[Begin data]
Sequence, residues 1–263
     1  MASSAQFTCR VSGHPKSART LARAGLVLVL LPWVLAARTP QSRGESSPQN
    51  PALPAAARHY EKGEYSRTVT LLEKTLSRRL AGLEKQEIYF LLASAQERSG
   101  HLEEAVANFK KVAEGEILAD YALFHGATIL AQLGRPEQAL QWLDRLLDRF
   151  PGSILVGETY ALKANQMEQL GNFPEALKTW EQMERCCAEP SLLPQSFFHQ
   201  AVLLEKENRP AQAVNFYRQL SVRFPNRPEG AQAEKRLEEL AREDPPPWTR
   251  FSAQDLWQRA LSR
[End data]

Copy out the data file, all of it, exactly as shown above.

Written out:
Sequence, residues 1–263
     1  MASSAQFTCR VSGHPKSART LARAGLVLVL LPWVLAARTP QSRGESSPQN
    51  PALPAAARHY EKGEYSRTVT LLEKTLSRRL AGLEKQEIYF LLASAQERSG
   101  HLEEAVANFK KVAEGEILAD YALFHGATIL AQLGRPEQAL QWLDRLLDRF
   151  PGSILVGETY ALKANQMEQL GNFPEALKTW EQMERCCAEP SLLPQSFFHQ
   201  AVLLEKENRP AQAVNFYRQL SVRFPNRPEG AQAEKRLEEL AREDPPPWTR
   251  FSAQDLWQRA LSR